The paintings of Papunya Tula artist MANTUA NANGALA, Pintupi people, relate to the epic travels of the Kanaputa Women who travelled from the west, passing through celebrated women’s sites. Mantua talks with HETTI PERKINS about the renowned Western Desert art movement and her major new triptych for Ceremony.
Fifty years ago in Papunya, a government outpost established 240 kilometres northwest of Mparntwe/Alice Springs to facilitate the assimilation of desert peoples in the region, a group of men gathered to put their cultural inheritance ‘on the record’ in drawings and paintings. In response to the government-sponsored strategy to erase their cultural identity, the artists literally drew their knowledge of traditional body and sand painting associated with ceremony. The early ‘boards’ captured a raw power that continues to reverberate through the works of the descendants of the founding artists. From inauspicious beginnings, the desert artists have changed the cultural landscape of Australia, bringing a new way of seeing and signifying Country to national and international audiences.
The spark of the cultural burn lit in Papunya in 1971 spread throughout the desert over subsequent decades and became known as Western Desert art. At the vanguard of this extraordinary Australian movement is Papunya Tula Artists (PTA), established in Papunya the following year when the ‘painting mob’ formally incorporated as a company comprising an Aboriginal board, shareholders and artist members that continues today. With 50 shareholders, the company now represents more than 80 artists. PTA has a gallery space in Mparntwe/Alice Springs and studio facilities in Walungurru and Kiwirrkurra, 530 and 700 kilometres west of Mparntwe, respectively. The company has supported major infrastructure including the Kintore swimming pool and the Purple House remote dialysis service, as well as funding ceremonies, funerals, music projects, festivals and an aged care service.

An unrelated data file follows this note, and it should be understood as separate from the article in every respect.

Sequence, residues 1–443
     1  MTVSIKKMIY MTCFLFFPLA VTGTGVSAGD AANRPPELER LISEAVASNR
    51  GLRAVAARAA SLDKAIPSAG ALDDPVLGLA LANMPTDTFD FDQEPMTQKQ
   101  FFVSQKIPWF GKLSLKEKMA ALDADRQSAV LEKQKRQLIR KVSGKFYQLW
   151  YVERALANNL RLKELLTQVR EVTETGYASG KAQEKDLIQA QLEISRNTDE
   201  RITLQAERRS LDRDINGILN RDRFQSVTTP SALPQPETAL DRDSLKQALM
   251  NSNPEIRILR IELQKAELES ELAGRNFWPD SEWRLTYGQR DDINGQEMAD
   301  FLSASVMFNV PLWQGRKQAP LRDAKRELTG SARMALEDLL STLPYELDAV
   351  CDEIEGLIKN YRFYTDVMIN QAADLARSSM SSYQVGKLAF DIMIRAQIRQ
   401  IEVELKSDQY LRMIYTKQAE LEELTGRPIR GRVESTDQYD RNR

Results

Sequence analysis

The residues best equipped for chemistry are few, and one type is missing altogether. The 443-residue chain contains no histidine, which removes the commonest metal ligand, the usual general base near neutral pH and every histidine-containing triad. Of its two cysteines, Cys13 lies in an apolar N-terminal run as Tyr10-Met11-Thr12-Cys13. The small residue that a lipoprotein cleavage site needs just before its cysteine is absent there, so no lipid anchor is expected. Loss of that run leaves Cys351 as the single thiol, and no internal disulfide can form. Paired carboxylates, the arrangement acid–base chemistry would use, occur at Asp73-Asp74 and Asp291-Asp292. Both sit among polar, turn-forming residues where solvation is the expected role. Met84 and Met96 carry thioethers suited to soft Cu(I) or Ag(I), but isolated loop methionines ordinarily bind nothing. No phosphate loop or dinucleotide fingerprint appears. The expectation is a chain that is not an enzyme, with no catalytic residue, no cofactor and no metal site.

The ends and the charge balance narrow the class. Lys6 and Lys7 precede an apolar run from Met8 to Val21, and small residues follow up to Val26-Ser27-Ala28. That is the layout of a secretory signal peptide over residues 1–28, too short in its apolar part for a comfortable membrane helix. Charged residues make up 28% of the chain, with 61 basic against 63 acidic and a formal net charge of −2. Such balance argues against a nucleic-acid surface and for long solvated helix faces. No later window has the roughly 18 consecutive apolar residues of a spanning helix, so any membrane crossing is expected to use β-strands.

A first step in the outstation movement, the journey home for families was largely funded by the sale of artworks and the empowerment that came from activating their ceremonial connections to their Country. Yayayi was an outstation community 42 kilometres west of Papunya, set up in the early 1970s by Luritja/Pintupi families in the direction of their homelands – some as far away as the Gibson Desert in Western Australia. A collection of the works created at Yayayi was acquired by the newly established Aboriginal Arts Board of the Australia Council and the community was the subject of academic research undertaken by Fred Myers and documentary footage shot by Ian Dunlop for Film Australia. During the following decade, Pintupi communities were established at Walungurru (Kintore) in 1981 and then Kiwirrkurra in 1983.